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Posted on Wed, Nov 17, 2010 : 1:15 p.m.

Ypsilanti City Council approves new medical marijuana dispensing regulations

By Tom Perkins

The Ypsilanti City Council gave first reading approval Tuesday night to several measures that will regulate the growing and dispensing of medical marijuana in the city.

The amendments to the city’s zoning ordinances establish rules governing and defining home growers, dispensaries and larger scale medical marijuana growing facilities. The amendments passed 6-1 with Mayor Pro Tem Lois Richardson voting no. Mayor Paul Schreiber was absent.

Under the new regulations, which still must be approved on second reading, dispensaries must remain 1,000 feet from schools and 500 feet from other dispensaries. They would be permitted to operate in central, local and general business districts, which would allow a maximum of roughly 30 dispensaries in Ypsilanti and five to eight downtown, officials said.

Dispensaries must keep a logbook of their patients, care givers and how much marijuana is on the premises. That book is subject to inspection by code officials and police officers. Additionally, all dispensaries must be properly registered and licensed with the city.

A grow facility would face similar regulations as dispensaries. Care givers in those facilities would also need a log with the number of plants open to law enforcement and code officials. Instead of business districts, grow facilities would be approved to operate in manufacturing and commercial industrial districts.

The city Planning Commission considered the issue over the last several months after City Council approved a 90-day moratorium on September 15. That moratorium barred any new dispensaries or growing facilities as the city developed ordinances.

Municipalities locally and statewide are facing similar decisions on how to deal with what many say is a vaguely written state law on medical marijuana’s use and distribution.

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Jamie Lowell, a partner at dispensary 3rd Coast Compassion Center in Ypsilanti, said he didn't agree with all the changes, but appreciated the city's thorough process in developing the ordinances and that city officials consulted with 3rd Coast. The center is a year old and considered the oldest dispensary in Michigan.

"It’s commendable and respectable that the city went through such a process in going about dealing with issue," he said. "There is no black and white direction or no pamphlet on how to do it."

Up to five caregivers can grow in one building with no limit to the building's size or the size of the plants. But those caregivers couldn't have more than the 72 plants each permitted by state law.

Grow operations and dispensaries cannot be in the same building and must remain 500 feet from each other. Ingestion of medical marijuana is not permitted in either setting.

Council member Brian Robb voted for the regulations on first reading but wanted to see some changes before the second. Among those is eliminating restrictions on the distance between dispensaries and grow facilities.

“If it were up to me, I’d make this ordinance much more lax,” he said.

City planner Teresa Gillotti said the zoning amendments were created while viewing medical marijuana dispensaries and businesses not as a development tool, but as a way to provide access to medicine for patients. She said the Planning Commission sought to accommodate legal medical marijuana use and provide easy access for patients, but didn’t want to see a “proliferation” of related businesses in the community.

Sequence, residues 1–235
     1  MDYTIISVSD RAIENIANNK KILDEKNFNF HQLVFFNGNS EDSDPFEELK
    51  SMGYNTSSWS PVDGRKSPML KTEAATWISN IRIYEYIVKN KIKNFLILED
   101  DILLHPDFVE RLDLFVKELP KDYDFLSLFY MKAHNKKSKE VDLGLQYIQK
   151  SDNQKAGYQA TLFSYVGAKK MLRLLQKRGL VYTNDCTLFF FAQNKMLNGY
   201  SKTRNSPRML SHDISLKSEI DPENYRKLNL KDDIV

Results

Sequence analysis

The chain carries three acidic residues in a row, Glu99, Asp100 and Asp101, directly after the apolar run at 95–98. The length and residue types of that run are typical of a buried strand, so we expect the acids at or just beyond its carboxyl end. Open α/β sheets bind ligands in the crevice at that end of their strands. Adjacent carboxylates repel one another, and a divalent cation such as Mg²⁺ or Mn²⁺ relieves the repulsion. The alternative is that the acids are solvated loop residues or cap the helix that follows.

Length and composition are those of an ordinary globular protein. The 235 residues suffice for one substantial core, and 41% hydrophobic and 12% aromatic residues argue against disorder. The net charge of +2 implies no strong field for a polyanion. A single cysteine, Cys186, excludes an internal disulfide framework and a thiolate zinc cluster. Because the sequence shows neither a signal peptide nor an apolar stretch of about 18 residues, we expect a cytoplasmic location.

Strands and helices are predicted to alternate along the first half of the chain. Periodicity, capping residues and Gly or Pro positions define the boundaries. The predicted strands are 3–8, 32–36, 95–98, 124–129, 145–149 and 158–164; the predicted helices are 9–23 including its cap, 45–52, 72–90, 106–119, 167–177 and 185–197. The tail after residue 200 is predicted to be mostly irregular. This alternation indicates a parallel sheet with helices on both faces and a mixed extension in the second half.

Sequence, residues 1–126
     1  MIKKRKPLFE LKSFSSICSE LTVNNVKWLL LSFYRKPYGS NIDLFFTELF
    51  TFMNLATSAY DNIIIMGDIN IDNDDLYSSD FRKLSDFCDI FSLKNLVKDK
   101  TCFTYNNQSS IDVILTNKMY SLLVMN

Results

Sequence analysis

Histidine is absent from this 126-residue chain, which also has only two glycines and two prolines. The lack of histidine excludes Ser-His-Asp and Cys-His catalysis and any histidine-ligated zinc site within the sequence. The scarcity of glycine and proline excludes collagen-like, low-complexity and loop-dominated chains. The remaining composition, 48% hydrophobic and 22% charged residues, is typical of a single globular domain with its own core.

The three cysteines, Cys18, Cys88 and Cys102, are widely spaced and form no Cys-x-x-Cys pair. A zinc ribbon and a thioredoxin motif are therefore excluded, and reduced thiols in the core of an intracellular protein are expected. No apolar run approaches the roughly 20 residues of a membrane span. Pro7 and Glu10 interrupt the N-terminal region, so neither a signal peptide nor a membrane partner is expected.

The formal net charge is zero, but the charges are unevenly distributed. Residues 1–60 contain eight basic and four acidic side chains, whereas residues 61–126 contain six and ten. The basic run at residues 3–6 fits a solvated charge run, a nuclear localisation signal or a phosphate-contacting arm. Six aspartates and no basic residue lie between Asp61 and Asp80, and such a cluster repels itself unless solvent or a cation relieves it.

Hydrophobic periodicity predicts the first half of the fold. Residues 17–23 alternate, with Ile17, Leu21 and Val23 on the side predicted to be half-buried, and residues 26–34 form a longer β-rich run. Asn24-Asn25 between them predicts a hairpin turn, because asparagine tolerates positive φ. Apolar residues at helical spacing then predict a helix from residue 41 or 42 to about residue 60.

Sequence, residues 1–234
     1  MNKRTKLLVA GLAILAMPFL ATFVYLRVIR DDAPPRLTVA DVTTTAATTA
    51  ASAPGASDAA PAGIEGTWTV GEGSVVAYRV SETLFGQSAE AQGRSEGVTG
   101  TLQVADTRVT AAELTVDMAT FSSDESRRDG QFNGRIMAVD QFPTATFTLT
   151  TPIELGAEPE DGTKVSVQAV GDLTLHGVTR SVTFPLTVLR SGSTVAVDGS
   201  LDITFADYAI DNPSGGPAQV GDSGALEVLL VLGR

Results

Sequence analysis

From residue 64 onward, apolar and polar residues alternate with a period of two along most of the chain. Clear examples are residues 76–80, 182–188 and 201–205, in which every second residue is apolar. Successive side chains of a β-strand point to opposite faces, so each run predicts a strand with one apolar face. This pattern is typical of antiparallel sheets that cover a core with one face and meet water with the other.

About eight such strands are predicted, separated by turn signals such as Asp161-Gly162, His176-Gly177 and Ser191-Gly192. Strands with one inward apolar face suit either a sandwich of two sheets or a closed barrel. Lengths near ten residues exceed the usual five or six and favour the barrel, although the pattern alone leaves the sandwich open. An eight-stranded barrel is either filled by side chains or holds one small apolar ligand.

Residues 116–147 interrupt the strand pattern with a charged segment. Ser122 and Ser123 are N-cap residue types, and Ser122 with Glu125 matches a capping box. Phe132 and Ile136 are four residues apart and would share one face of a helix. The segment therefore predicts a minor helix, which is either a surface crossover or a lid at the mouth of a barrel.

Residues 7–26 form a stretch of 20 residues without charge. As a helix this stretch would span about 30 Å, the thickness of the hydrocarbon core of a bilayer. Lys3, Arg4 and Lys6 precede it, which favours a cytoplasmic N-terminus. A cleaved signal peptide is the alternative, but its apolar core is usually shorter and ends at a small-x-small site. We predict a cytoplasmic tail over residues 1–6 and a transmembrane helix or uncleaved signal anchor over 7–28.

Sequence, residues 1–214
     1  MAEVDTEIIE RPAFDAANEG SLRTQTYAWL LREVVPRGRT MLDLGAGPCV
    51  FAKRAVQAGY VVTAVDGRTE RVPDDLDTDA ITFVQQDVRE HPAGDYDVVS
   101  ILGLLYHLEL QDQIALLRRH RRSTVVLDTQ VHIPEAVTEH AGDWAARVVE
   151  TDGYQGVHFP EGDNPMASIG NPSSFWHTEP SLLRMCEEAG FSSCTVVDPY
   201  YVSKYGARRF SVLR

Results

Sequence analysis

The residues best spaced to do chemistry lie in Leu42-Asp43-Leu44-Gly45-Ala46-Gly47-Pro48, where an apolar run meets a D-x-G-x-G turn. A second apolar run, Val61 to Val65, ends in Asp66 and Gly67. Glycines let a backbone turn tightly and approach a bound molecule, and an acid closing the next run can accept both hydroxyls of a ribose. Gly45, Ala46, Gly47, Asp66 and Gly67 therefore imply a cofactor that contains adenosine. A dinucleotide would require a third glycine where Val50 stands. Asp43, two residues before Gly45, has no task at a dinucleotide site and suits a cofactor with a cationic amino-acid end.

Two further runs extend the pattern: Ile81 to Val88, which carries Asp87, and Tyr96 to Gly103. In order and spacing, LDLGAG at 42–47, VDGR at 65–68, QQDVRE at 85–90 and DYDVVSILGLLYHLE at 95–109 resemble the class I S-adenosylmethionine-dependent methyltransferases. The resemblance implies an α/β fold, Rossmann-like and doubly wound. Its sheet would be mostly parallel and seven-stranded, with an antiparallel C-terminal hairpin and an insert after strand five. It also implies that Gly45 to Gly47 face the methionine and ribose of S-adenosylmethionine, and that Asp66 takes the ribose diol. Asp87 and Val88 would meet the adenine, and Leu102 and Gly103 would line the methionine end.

“I think it’s a perception issue,” she said. “Sometimes people like the idea of having a concentration of businesses … but we don’t want the perception that Ypsilanti is only medical marijuana and tattoo parlors.”

Caregivers or patients who choose to grow the maximum 72 plants for up to five patients and themselves at home must obtain a business permit from the city. They can only use 25 percent, or 300 feet, of their home for growing.

Home-based businesses also must:

  • Obtain permits for any mechanical, electrical or plumbing upgrades to accommodate growing medical marijuana.
  • Have their homes or grow facilities open to inspection by code officials.
  • Keep transactions between caregivers and patients limited to appointments instead of on a “walk-in” or retail arrangement.
  • Provide clarification on where in a home or building a grow operation will be located.
  • Have only one person growing per parcel.

Among concerns raised during public comment was privacy issues related to the federal Health Insurance Privacy and Portability Act and how the city would keep permits and records of who is a patient or caregiver. About a dozen medical marijuana proponents were in the audience.

Gillotti said records of those who operate a home medical marijuana business would be separated from files of other businesses but not subject to Freedom of Information Act requests.

Council Member Mike Bodary questioned how caregivers would dispose of plants and asked whether people would be just throwing them in trash bags that would end up on the curb.

Gillotti explained many people boil down the plant. Any unusable remains are typically bagged similar to yard waste, she said.

The ordinance also provides limits on signs, lighting guidelines and other regulations that will keep grow operations and dispensaries discrete.

Richardson, who was the lone “no” vote, said she had a friend with cancer who is considering using medical marijuana. She said she understands the need for it but is concerned with crime issues.

Ypsilanti Police Chief Amy Walker said allowing medical marijuana use puts her officers in a “difficult” position because it's still illegal under federal law. But she said the department would “respect the wishes” of City Council and said she understands it's being used for a medical need.